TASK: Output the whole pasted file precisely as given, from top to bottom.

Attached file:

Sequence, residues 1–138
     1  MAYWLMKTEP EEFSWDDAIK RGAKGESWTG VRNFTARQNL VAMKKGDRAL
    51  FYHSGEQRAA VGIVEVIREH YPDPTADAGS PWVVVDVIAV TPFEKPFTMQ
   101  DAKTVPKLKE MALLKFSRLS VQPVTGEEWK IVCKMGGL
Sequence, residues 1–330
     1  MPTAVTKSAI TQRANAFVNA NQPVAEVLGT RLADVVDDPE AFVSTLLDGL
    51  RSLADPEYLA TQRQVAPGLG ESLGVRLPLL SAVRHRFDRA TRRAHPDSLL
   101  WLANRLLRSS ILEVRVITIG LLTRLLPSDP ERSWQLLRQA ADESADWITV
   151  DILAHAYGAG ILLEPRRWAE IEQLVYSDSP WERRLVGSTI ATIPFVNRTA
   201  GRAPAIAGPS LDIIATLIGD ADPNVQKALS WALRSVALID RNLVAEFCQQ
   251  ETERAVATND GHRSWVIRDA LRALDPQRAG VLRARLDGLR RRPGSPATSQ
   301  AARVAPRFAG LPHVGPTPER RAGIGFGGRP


Sequence, residues 1–138
     1  MAYWLMKTEP EEFSWDDAIK RGAKGESWTG VRNFTARQNL VAMKKGDRAL
    51  FYHSGEQRAA VGIVEVIREH YPDPTADAGS PWVVVDVIAV TPFEKPFTMQ
   101  DAKTVPKLKE MALLKFSRLS VQPVTGEEWK IVCKMGGL
Sequence, residues 1–330
     1  MPTAVTKSAI TQRANAFVNA NQPVAEVLGT RLADVVDDPE AFVSTLLDGL
    51  RSLADPEYLA TQRQVAPGLG ESLGVRLPLL SAVRHRFDRA TRRAHPDSLL
   101  WLANRLLRSS ILEVRVITIG LLTRLLPSDP ERSWQLLRQA ADESADWITV
   151  DILAHAYGAG ILLEPRRWAE IEQLVYSDSP WERRLVGSTI ATIPFVNRTA
   201  GRAPAIAGPS LDIIATLIGD ADPNVQKALS WALRSVALID RNLVAEFCQQ
   251  ETERAVATND GHRSWVIRDA LRALDPQRAG VLRARLDGLR RRPGSPATSQ
   301  AARVAPRFAG LPHVGPTPER RAGIGFGGRP